Blog Archives

Curio Cabinet: Selenite

CC selenite

The Curio Cabinet series (#curioTuesday) is published biweekly, featuring an artifact of natural or cultural history and a brief selection of nifty facts. Curio Cabinet celebrates the history of curio collections, the roots of which played a part in the globalization of learning and scientific knowledge. Learn more here.

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Spring Photos – Turtles, Mayapples, and Insects, Oh My!

Large unripe fruit of the May Apple, Podophyllum peltatum

Large unripe fruit of the May Apple, Podophyllum peltatum

Eastern Box Turtle. Female by tell of eye color and flatness of plastron (bottom shell area). Copyright The Roaming Naturalist.

Eastern Box Turtle. Female by tell of eye color and flatness of plastron (bottom shell area). Copyright The Roaming Naturalist.

My red potatoes are flowering! Grown in a 5 gallon bucket. Copyright The Roaming Naturalist.

My red potatoes are flowering! Grown in a 5 gallon bucket. Copyright The Roaming Naturalist.

Another Eastern Box Turtle, obviously trying to take over the world. Ranger photo, Maryland Park Service.

Not sure of the common name - found "leather beetle" or "horned passalus." Odontotaenius disjunctus. Either way, huge. Photo courtesy of Ranger S. Andrucyk, Maryland Park Service.

Not sure of the common name – found “leather beetle” or “horned passalus.” Odontotaenius disjunctus. Either way, huge. Photo courtesy of Ranger S. Andrucyk, Maryland Park Service.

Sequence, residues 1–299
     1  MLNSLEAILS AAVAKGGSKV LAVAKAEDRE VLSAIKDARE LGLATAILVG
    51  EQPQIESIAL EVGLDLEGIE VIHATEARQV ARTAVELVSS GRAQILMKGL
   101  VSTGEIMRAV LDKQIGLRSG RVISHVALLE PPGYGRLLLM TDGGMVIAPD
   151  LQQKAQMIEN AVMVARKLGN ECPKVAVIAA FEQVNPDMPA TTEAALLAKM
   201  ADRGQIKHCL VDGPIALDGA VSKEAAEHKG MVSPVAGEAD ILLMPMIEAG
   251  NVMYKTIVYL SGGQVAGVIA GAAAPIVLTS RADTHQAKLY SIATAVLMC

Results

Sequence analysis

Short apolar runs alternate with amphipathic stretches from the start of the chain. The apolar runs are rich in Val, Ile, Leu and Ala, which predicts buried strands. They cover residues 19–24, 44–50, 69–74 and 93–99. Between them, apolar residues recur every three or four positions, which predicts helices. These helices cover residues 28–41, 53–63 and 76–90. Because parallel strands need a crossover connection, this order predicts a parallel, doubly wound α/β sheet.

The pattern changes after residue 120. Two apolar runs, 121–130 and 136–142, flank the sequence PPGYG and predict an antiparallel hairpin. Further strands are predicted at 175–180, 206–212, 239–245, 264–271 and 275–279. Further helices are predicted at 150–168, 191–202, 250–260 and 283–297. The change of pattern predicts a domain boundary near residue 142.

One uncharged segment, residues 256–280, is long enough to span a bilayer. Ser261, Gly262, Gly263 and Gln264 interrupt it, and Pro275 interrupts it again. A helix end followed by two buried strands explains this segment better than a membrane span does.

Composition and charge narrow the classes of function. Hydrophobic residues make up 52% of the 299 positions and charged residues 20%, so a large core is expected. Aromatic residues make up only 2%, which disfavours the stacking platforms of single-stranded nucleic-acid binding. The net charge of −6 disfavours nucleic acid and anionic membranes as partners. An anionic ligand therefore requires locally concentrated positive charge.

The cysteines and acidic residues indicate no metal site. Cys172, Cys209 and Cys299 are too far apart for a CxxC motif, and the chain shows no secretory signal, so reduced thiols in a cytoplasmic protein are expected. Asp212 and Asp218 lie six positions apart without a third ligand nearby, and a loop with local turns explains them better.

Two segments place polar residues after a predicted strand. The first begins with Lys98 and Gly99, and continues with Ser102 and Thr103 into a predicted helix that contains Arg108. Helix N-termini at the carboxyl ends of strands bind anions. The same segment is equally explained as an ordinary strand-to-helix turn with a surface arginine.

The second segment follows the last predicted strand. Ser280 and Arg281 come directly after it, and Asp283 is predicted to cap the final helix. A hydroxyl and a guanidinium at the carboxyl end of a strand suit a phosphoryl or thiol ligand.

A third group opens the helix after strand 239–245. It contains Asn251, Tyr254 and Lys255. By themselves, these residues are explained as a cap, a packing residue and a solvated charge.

Luna Moth, courtesy of Ranger S. Andrucyk, Maryland Park Service.

Luna Moth, courtesy of Ranger S. Andrucyk, Maryland Park Service.

White Ermine Moth, Spilosoma lubricipeda. Photo courtesy of Ranger S. Andrucyk, Maryland Park Service.

White Ermine Moth, Spilosoma lubricipeda. Photo courtesy of Ranger S. Andrucyk, Maryland Park Service.

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Watchful eye. Eastern Box Turtle. Copyright The Roaming Naturalist.

[Video] Time-Lapse Flowers for Your Spring Viewing Pleasure

Watching videos of time-lapse plants has some strange, magical effect on me. We take the miracle of plant life for granted because it moves at such a slower pace than we’re used to. Maybe that’s why time-lapse is so cool – it speeds up the life of a plant so we can recognize it on our own terms. At any rate, I wanted to share some of my favorite vids with you to celebrate spring, spring, the coming of spring! As a very cool extra, there’s a vid tucked in there of a pumpkin – from seed to scale, which, at the end, will blow your mind.